And we’ve come to the end of line with John Scalzi’s The Human Division. “Earth Below, Sky Above” is the final episode and I’m going to say that Scalzi mostly stuck the landing. If I this were a gymnastics competition, imagine that I am the East German judge and I’m holding up scorecards that read “6.9″. A diving competition would probably be a better metaphor considering what happens here but I can’t be bothered to look up how they score diving. And yes, I know, the gymnastics scoring system has changed and it’s no longer a 10 point scale but it’s not like East Germany’s around anymore either.
This is mostly successful. Tons of great stuff happens in the episode, characters are put in peril, there are heroics and giant space explosions and technology so advanced that it’s more or less magic. Lots of really wonderful narrative tension. Basically everything that is great about space opera.
However, there is no resolution of what’s been driving this whole thing–to wit, the mysterious conspirators who have been stealing spaceships and wreaking havoc on the CDF’s clumsy attempts to patch things up with Earth are still mysterious at the end of it all.
Which makes me a bit cranky because I am not a fan of unresolved plots in novels, especially one as big as this one; in fact, one could argue that this is the central plot of the text and to leave it hanging is sub-optimal. In my not very humble opinion.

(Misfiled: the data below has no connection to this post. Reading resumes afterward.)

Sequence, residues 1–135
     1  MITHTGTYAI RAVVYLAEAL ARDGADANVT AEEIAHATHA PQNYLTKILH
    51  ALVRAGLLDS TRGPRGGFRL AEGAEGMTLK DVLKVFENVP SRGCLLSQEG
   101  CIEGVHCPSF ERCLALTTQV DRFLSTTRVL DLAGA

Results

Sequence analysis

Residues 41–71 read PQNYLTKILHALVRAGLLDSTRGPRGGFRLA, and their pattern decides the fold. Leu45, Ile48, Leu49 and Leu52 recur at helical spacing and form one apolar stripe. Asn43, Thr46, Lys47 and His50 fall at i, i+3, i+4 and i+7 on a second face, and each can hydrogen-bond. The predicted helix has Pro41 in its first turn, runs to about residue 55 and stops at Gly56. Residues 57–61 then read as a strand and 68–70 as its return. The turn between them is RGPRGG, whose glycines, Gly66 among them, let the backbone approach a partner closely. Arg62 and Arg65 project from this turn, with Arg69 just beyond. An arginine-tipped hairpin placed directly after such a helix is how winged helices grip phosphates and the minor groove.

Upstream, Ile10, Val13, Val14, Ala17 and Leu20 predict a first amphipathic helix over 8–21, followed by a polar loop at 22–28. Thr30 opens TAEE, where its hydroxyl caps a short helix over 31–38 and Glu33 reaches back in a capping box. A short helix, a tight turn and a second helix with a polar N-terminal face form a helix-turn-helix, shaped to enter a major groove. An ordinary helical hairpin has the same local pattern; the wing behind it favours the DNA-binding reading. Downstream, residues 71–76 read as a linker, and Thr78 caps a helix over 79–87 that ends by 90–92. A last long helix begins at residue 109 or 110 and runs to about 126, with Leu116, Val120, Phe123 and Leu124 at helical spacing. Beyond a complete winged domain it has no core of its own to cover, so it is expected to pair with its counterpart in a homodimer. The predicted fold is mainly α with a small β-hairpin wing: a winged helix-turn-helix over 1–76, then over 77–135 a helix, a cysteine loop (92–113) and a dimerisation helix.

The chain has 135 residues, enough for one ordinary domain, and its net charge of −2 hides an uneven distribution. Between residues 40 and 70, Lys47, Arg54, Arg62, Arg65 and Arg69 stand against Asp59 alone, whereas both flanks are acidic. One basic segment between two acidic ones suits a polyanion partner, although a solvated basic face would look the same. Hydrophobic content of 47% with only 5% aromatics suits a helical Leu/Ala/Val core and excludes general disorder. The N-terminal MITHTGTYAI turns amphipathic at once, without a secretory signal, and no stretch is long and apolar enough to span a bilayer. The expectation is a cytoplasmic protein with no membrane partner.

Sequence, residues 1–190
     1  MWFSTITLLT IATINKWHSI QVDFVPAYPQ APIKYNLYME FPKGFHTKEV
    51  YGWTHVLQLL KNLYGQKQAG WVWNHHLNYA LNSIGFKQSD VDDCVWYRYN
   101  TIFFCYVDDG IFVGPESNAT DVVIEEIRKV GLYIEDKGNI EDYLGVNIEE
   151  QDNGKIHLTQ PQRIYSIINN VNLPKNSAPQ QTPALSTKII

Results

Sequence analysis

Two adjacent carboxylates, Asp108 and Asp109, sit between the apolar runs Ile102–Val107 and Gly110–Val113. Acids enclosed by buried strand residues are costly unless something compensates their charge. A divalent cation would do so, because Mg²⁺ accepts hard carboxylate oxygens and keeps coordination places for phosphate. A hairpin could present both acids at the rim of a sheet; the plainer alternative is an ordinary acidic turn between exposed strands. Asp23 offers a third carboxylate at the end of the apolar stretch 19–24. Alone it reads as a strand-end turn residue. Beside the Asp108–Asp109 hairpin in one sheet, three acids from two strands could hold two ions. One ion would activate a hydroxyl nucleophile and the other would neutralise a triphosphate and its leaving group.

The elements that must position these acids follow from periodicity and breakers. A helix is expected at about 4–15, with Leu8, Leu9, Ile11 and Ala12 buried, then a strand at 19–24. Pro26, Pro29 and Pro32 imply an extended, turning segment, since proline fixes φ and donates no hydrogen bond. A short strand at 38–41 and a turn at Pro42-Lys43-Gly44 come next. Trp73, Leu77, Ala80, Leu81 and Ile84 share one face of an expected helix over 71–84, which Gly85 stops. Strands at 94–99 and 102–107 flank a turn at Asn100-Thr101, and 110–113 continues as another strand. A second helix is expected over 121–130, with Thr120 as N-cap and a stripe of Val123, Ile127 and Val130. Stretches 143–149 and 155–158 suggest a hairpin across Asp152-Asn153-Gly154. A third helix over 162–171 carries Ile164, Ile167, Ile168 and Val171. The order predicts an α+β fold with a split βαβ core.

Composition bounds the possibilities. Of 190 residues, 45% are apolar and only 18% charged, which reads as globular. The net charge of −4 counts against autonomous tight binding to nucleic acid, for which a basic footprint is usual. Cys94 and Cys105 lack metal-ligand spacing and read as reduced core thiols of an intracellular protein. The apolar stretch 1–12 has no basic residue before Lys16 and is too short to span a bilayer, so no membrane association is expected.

So it comes as no surprise, then, to see an announcement of a “second season” in which, it is to be devoutly hoped, that there’s a bit more resolution.
That said, how did the serial format work? From a story-telling perspective, I don’t think The Human Division holds up as a coherent work–however, Donna has plans to read it in its entirety sometime soon, so she’ll be able to weigh in on that front. I think as a marketing ploy, though, it was brilliant. I don’t know if Tor would have been able to pull this off without an author without the social and commercial capital that John Scalzi has. I suspect not–and I suspect that they wouldn’t have been willing to risk it, either.
And I’ve discovered that I rather enjoy reading shorter pieces of fiction and serial novels, so I’ll be seeking out more of those for myself. I’ve said for years that I don’t have short story brain, but it seems that may be changing.
First up will be David J. Schwartz’s Gooseberry Bluff Community College of Magic, which has four parts out and of which I’ve read two so far. And there’s oodles of short fiction online, too: Clarkesworld, Strange Horizons, Beneath Ceaseless Skies. And that’s just for starters.
And so, I close out this series with one last image of Ivanova. I present Ivanova with a fantastically dubious look on her face. And a sex toy (do not click this link if you are at work or otherwise subject to internet filtering). I am, for the record, endlessly amazed that they were able to get this item on television uncensored. YOU ARE ALL WELCOME. I am to educate, after all.